Two Manhasset brothers, Kent and Grant Schietinger, are the proud recipients of President Obama’s Gold Volunteer Service Award for devoting 250 or more hours, individually, to service in 2012. The boys are 11th - grade students at St. Anthony’s High School. The award, consisting of a gold pin, a certificate and a letter from the president, was presented to them last month.
The award is a presidential honor that recognizes the valuable contributions of volunteers nationwide who are answering the call by the chief executive and Congress to serve others. This prestigious national honor was established in 2003 under the administration of President George W. Bush and is issued by the President’s Council on Service and Civic Participation. It recognizes a sustained commitment to volunteer service.
Town of North Hempstead Supervisor Jon Kaiman and the Town Board hosted a May 14 reception for dozens of students and parents at town hall, where the annual video contest winners were honored for their work discouraging the use of plastic bags.
The theme of this year’s contest was “Plastic Ain’t My Bag.”
The contest required participants to produce a three-minute video illustrating why using plastic grocery bags ultimately harms the environment and its inhabitants. The students’ submissions incorporated music, graphics, and a wealth of eye-opening information.
CACLA’s series of articles have examined unfunded mandates and out of the many affecting public school districts, we went into detail on: Pension Benefits, Special Education, Wicks Law, the Tax Cap and the Super Majority Vote. As previously discussed, the burden of funding mandates rests with the local public school tax levy, i.e., the taxpayer.
Public school districts have to fund programs that are required by law, either within the state mandated levy cap, or by a 60 percent super majority approval of the budget. The puzzle? How does a school district stay within a cap while, in Manhasset’s case, state aid has declined and the cost of providing employee benefits has grown exponentially? All of this while providing robust educational programs for a student population that has showed steady increases over the past 12 years.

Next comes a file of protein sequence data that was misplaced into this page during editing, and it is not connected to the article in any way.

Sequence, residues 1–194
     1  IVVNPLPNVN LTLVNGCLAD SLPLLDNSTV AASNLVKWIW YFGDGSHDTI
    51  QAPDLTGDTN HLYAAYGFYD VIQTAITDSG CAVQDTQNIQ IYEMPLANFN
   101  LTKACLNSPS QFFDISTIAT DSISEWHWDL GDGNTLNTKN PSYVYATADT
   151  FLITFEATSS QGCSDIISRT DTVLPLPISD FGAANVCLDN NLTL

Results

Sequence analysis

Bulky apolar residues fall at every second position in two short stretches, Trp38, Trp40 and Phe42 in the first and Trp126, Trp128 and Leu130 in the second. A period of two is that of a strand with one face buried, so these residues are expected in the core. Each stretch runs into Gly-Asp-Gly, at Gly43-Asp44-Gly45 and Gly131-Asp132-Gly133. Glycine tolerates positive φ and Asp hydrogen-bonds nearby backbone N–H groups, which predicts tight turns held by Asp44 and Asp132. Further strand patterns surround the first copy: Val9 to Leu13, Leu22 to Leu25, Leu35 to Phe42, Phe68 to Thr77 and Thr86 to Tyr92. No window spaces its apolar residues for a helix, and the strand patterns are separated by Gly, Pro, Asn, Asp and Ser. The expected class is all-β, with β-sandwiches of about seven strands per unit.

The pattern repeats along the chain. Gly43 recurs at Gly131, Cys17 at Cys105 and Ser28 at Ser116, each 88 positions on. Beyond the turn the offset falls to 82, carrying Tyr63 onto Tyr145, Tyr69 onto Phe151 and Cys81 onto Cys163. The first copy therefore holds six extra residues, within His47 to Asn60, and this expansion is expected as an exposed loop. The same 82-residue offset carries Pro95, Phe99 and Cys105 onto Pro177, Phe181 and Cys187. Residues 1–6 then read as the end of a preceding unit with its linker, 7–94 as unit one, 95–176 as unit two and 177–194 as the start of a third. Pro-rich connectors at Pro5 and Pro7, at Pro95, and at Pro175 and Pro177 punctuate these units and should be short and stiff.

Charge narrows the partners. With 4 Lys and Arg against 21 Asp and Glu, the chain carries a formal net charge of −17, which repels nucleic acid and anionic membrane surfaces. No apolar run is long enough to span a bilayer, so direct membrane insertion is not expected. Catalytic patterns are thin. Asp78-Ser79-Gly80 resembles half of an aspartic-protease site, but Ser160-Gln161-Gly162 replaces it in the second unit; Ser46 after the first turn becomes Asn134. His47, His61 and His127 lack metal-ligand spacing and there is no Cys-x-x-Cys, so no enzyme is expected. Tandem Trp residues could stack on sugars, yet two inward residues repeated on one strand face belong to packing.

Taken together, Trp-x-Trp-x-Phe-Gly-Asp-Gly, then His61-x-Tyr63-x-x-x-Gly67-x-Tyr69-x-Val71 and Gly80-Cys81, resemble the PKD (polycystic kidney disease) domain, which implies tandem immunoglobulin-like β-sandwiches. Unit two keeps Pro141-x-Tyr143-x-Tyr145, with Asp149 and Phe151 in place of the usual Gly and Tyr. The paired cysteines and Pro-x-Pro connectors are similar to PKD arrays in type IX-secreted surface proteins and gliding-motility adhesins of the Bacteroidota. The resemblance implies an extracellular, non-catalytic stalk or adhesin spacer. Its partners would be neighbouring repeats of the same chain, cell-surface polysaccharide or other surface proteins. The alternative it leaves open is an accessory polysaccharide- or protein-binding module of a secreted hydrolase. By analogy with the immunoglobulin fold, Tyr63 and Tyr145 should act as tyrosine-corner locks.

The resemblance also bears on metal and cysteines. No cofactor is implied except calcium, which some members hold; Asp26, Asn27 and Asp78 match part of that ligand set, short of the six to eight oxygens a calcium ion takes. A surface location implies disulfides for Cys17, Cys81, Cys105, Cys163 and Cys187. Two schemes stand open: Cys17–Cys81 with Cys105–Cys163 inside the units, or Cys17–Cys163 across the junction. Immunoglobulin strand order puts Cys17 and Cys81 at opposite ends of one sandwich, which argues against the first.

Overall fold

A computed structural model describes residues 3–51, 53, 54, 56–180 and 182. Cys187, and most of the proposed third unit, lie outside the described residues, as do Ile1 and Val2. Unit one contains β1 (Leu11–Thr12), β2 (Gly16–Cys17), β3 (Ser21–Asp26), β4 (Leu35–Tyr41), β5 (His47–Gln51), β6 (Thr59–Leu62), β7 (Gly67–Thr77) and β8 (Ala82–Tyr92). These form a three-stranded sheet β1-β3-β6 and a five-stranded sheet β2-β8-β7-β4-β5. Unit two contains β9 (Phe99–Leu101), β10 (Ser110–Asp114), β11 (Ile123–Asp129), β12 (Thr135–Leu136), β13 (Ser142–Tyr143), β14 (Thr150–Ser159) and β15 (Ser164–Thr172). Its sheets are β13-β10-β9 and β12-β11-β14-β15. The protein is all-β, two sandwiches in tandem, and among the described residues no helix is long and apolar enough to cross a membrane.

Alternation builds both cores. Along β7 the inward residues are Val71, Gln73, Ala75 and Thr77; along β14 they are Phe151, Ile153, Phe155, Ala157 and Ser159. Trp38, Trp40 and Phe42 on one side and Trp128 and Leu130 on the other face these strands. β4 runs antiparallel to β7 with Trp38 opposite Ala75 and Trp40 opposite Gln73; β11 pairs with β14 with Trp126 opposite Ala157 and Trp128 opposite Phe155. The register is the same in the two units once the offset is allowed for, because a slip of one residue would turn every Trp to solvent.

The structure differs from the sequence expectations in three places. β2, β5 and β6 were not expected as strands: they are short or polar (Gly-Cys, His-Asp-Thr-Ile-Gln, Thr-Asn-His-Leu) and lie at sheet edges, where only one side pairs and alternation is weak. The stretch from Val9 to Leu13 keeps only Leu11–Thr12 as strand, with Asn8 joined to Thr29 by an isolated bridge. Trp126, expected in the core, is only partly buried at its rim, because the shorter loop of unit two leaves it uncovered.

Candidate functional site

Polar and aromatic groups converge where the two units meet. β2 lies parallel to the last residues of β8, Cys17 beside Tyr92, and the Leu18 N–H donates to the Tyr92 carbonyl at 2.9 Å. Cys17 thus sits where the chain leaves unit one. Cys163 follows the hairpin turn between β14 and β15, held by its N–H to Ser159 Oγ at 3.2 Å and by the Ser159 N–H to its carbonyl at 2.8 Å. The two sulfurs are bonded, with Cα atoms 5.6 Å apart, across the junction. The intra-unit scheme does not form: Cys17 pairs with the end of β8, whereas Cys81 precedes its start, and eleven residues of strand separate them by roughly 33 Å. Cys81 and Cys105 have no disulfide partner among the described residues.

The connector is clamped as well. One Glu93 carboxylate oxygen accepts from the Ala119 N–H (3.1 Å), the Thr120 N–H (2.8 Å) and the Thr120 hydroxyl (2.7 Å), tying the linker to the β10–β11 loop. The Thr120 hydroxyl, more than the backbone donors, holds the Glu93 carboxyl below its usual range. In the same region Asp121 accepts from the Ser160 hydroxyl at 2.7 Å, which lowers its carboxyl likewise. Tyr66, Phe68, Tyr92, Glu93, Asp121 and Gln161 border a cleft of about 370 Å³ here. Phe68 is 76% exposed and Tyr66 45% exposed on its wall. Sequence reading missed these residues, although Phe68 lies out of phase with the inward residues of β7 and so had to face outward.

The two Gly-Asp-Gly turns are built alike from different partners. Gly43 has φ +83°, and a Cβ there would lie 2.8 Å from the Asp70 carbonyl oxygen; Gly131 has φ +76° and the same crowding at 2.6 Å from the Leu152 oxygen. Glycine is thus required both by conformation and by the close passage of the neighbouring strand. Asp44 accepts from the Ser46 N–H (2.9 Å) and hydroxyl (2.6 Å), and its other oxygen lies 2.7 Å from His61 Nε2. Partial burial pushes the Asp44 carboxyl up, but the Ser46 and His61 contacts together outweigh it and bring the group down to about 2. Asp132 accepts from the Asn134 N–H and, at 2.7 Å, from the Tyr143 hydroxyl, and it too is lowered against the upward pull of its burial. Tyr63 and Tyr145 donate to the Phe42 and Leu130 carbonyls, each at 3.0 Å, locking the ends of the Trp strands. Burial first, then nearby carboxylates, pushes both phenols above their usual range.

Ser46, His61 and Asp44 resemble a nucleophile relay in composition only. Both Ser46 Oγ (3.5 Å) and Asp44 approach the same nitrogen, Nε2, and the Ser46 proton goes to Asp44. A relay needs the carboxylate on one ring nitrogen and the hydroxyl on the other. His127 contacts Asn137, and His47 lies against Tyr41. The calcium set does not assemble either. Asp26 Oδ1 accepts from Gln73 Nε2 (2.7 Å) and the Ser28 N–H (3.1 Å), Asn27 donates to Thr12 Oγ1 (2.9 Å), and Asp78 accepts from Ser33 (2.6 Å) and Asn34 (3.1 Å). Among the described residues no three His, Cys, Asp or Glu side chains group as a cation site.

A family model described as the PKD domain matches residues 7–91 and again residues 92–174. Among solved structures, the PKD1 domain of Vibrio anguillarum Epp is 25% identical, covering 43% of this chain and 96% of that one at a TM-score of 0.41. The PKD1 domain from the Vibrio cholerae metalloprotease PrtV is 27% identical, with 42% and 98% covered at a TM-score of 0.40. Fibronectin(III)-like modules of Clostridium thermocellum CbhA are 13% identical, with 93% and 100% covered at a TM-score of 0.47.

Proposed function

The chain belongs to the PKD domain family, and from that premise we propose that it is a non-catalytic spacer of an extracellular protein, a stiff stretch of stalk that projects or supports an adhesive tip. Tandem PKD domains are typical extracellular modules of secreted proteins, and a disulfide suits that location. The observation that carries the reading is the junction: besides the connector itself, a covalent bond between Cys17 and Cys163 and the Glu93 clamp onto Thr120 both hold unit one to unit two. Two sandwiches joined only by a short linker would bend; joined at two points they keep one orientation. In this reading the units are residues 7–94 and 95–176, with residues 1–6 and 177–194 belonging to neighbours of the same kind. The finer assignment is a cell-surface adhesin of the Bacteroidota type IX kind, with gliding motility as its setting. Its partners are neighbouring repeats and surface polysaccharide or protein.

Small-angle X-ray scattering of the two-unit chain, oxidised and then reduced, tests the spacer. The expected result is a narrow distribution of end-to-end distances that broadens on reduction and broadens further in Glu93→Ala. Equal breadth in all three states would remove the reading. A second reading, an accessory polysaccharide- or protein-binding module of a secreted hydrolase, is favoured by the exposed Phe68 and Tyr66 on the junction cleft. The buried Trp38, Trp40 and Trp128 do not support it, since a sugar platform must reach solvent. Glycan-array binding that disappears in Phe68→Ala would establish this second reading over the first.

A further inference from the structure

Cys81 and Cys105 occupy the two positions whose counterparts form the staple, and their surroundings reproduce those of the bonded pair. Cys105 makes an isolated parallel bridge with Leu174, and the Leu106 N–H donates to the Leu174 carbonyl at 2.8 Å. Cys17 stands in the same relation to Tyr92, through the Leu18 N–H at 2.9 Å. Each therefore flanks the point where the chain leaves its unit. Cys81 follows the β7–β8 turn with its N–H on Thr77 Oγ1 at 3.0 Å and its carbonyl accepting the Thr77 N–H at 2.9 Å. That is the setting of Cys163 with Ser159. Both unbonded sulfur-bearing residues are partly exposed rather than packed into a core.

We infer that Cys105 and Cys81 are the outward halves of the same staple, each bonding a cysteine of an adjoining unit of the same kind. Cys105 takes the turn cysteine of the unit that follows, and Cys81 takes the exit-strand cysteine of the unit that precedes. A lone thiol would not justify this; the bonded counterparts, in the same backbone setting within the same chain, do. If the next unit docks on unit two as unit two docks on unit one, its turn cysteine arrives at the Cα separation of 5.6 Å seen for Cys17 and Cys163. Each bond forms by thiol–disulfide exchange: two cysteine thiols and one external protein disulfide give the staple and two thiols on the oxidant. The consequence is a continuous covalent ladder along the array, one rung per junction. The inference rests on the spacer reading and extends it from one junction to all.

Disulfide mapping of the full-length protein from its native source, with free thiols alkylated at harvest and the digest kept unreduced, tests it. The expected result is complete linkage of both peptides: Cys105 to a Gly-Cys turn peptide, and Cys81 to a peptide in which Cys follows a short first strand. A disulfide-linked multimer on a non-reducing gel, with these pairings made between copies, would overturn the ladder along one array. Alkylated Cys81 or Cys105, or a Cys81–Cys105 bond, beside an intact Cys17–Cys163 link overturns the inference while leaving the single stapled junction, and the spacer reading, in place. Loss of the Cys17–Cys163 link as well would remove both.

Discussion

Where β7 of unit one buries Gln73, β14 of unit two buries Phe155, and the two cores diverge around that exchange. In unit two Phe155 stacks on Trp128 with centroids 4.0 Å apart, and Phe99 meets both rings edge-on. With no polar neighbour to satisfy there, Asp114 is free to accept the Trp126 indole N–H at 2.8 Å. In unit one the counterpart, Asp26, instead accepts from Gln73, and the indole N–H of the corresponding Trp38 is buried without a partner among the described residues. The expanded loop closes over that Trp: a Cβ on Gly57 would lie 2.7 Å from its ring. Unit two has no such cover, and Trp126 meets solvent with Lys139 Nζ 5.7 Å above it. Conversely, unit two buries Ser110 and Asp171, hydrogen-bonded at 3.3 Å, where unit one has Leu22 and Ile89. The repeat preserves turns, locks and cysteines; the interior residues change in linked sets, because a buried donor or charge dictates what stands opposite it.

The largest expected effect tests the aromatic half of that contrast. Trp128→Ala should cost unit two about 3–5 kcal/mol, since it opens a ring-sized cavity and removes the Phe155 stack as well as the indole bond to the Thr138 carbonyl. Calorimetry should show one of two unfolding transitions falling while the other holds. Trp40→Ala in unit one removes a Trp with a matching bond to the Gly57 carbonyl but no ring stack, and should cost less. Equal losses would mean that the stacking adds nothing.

The Citizens Advisory Committee on Finance (CACF) unanimously supports the adopted Manhasset School District Budget of $89,296,198 for the 2013-2014 school year. The budget represents an increase of $2,226,774 (or 2.56 percent) over the prior year. Over the past five years, the average annual increase in the budget has been 2.13 percent.
Employee compensation and benefits total $68,371,042 (or 77 percent) of the total budget. All other expenses combined account for 23 percent of the total budget. The largest factors in the increased expenses were an $854,636 increase in pension contributions to the New York State Retirement System, a $682,893 increase in healthcare and other employee benefit expenses and a $1,134,792 increase in employee compensation, which by themselves would have increased the year-over-year budget by $2,672,321 (or 120 percent of the total budget increase). The net impact of all other budget line items was a decrease of $445,547.
Students from area high schools had an up close and personal look at a day in the life of a New York State Senator when the students shadowed Senator Jack M. Martins for a day in Albany.
As part of a program, Students Inside Albany, run by the League of Women Voters, students head up to Albany to shadow a member of the State Legislature in order to immerse themselves in the study of government, enhancing their academic experiences they learned at home. The students get a first-hand look at how public policy is proposed and enacted in New York State.
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